Co-IP Assay

We cloned the full-length BARD1 downstream of the HA-tag in pGADT7 and cloned two fragments covering the N-terminal part of the SYD coding region (1 to 665 and 666 to 916, designated as SYD-1 and SYD-2, respectively; the SYD-2 fragment contained the functional ATPase domain), downstream of the cMyc-tag in pGBKT7. We used TNT-coupled wheat germ extract systems (Promega) and [35S]methionine (Perkin-Elmer) for in vitro translation of the above polypeptides and performed the co-IP assay using the Matchmaker kit (Becton-Dickinson) following the manufacturer's instructions. Gels were dried and scanned using the Typhoon 9200 PhosphorImager (GE Healthcare).

Plant Transformation and Crossing

For genetic complementation of the bard1-3 phenotype, a 6.1-kb genomic DNA that encompassed the whole BARD1 (At1g04020) coding region plus 1.91 kb 5′ upstream and 0.7 kb downstream flanking sequences was cloned into pCAMBIA1305 using primers described in Supplemental Table 1 online. This construct was then transformed into heterozygous bard1-3/+ Arabidopsis plants. The N terminus (residues 1 to 240) or C terminus (residues 241 to 714) of BARD1 was cloned into pCAMBIA3301 that contained the same 1.91-kb BARD1 5′ upstream promoter and 0.7-kb downstream flanking sequences. Transgenic lines were selected by antibiotic resistance, genomic PCR, and also by cosegregation studies that looked for single-copy insertion events into the bard1-3 homozygous background. A BARD1 overexpression line (CaMV35S::BARD1) was obtained by cloning the full-length BARD1 coding region under the CaMV35S promoter and the NOS terminator in pCAMBIA1305 and then transforming wild-type plants. Pollen collected from wus-1 plants was used to pollinate heterozygous bard1-3 plants to produce the homozygous wus-1 bard1-3 double mutant.

Production of RNAi Lines

To produce transgenic plants expressing a BARD1-RNAi construct, a 553-nucleotide BARD1 C-terminal coding region (1593 to 2145) was amplified using primers described in Supplemental Table 1 online and fused to the same CaMV35S promoter and NOS terminator in pCAMBIA1305, as described in the previous section. The PCR products were cloned in both sense (digested with SacI and KpnI) and antisense (digested with XbaI and BamHI) directions, separated by a 10-nucleotide spacer.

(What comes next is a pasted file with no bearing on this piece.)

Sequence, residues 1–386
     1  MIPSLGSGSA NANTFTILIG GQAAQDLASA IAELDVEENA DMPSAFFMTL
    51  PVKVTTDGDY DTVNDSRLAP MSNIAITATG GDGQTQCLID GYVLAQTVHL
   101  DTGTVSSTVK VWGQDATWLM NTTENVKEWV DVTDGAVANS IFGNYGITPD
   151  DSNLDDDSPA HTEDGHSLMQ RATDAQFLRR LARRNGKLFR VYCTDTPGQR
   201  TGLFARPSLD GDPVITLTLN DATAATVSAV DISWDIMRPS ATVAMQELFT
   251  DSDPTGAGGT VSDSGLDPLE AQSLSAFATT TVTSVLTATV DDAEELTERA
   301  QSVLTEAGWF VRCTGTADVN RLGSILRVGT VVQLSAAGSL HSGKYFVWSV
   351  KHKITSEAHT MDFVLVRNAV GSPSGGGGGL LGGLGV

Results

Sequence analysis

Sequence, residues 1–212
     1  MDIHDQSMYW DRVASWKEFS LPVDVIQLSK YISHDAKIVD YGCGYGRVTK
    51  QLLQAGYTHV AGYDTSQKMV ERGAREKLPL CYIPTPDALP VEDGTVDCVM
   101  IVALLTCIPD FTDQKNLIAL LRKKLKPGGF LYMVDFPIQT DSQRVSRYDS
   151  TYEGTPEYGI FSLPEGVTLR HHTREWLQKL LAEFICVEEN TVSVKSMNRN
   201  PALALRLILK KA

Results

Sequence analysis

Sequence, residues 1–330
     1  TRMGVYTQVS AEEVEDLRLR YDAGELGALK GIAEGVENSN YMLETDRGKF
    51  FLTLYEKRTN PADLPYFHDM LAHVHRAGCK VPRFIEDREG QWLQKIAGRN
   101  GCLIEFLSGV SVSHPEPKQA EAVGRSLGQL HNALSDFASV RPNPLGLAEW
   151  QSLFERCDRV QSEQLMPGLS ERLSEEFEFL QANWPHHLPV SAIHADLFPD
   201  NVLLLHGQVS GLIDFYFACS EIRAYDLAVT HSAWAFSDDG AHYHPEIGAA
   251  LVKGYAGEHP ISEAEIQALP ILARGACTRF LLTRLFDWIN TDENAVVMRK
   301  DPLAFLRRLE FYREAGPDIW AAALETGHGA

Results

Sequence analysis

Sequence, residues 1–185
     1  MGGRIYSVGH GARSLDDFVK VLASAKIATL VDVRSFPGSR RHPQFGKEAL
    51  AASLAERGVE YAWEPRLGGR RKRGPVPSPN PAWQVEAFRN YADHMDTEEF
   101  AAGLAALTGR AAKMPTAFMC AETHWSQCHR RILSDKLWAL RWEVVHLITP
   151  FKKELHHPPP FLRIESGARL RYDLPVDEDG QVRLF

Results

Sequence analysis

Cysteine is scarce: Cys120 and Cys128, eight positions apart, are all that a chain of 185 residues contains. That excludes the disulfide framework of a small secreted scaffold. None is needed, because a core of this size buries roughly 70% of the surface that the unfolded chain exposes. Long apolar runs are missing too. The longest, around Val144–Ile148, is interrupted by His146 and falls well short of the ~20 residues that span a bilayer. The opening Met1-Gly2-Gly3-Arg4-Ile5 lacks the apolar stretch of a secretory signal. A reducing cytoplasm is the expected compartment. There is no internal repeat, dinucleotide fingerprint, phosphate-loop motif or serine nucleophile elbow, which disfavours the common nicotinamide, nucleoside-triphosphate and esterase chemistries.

Analysis of GUS Activity

pBARD1:GUS was constructed by amplifying the 1.91-kb BARD1 promoter and inserting it between HindIII and XbaI sites of pBI121. GUS activity was assayed using 10-d-old seedlings, and stained tissues were processed for histological evaluation (Schoof et al., 2000; Kwon et al., 2005).

Predictions of Intrinsic Nucleosome Organization

For intrinsic nucleosome organization prediction, we used genomic sequences obtained from 2.0 kb upstream to 2.0 kb downstream of the putative transcription initiation site for WUS and a few readily expressed housekeeping genes and performed computational analyses using the online algorithm model obtained from yeast (Segal et al., 2006; also see http://132.77.150.113/pubs/nucleosomes06/segal06_prediction.html). For CAAT and TATA boxes analysis, promoter sequences were scanned by searching http://www.dna.affrc.go.jp/PLACE/signalscan.html.

Statistical Analysis

Statistical significance was evaluated by one-way analysis of variance followed by Tukey's test (SigmaStat 3.5; Systat Software).

Supplemental Data

The following materials are available in the online version of this article.

  • Supplemental Figure 1. Characterization of Different bard1 Mutant Alleles.
  • Supplemental Figure 2. bard1-3 Is Hypersensitive to DNA Damage.
  • Supplemental Figure 3. Phenotypic Characterization of the bard1-3 Root System.
  • Supplemental Figure 4. RT- and QRT-PCR Analyses of Potential Target Gene Expression.
  • Supplemental Figure 5. GUS Expression in Transgenic Arabidopsis Plants Carrying the BARD1:GUS Construct.
  • Supplemental Figure 6. BARD1 May Repress WUS Expression by Inhibiting the Chromatin Remodeling Process That Is Essential for WUS Promoter Function.
  • Supplemental Table 1. Primers Used for RT-, QRT-PCR, and Other Analyses.
  • Supplemental Table 2. MALDI-TOF Analysis of At BARD1 Expressed in E. coli after IPTG Induction.

Supplementary Material

[Supplemental Data]

Acknowledgments

This work was supported by grants from the National Natural Science Foundation of China (Grants 90717009 and 30221120261).

Notes

The author responsible for distribution of materials integral to the findings presented in this article in accordance with the policy described in the Instructions for Authors (www.plantcell.org) is: Yu-Xian Zhu (nc.ude.ukp.retaw@xyuhz).

[W]Online version contains Web-only data.

[OA]Open Access articles can be viewed online without a subscription.

www.plantcell.org/cgi/doi/10.1105/tpc.108.058867